Four Concord grape vineyards in Georgia were examined to determine the levels of infestation by the grape root borer, Vitacea polistiformis. Additionally, the soil at each vineyard site was assayed to determine relative levels of entomophilic rhabditoid nematode activity. An inverse correlation was shown to exist between severity of V. polistiformis infestation and activity of the entomophilic rhabditoid nematode fauna in the vineyard soils. Laboratory and field bioassays determined the susceptibility of first-instar grape root borer to the entomophilic rhabditoid nematode, Neoaplectana carpocapsae. This insect-nematode interaction was posited as a mechanism of natural control of grape root borer populations. Augmentation of entomophilic rhabditoid nematode populations during the critical period of oviposition and eclosion is suggested as a preventative control technique for V. polistiformis.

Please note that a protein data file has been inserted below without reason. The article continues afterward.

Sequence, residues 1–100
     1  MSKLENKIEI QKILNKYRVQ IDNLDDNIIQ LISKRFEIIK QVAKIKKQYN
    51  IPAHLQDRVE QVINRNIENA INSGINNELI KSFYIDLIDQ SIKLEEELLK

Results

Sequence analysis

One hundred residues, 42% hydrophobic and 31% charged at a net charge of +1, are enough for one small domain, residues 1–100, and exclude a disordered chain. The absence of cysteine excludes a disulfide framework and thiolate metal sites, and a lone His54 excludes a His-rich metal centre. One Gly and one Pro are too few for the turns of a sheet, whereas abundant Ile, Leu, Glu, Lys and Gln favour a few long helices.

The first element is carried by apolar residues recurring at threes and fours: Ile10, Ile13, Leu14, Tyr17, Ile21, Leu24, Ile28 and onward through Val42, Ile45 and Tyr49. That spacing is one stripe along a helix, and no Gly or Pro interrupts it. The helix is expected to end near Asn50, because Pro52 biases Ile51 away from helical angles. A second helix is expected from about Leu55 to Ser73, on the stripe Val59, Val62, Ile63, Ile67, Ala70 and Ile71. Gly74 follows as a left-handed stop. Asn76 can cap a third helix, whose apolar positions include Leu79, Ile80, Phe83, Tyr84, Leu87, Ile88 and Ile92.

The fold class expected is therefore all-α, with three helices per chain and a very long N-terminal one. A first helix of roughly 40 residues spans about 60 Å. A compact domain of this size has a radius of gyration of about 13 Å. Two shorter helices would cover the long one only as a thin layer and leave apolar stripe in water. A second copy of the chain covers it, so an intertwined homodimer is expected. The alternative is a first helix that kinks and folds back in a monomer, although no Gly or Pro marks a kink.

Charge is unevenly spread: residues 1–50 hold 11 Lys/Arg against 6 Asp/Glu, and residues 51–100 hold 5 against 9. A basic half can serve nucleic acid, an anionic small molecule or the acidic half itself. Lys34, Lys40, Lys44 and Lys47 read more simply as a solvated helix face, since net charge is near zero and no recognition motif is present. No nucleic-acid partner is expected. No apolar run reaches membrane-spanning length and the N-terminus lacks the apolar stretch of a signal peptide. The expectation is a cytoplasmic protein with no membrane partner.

All Science Journal Classification (ASJC) codes
- Ecology, Evolution, Behavior and Systematics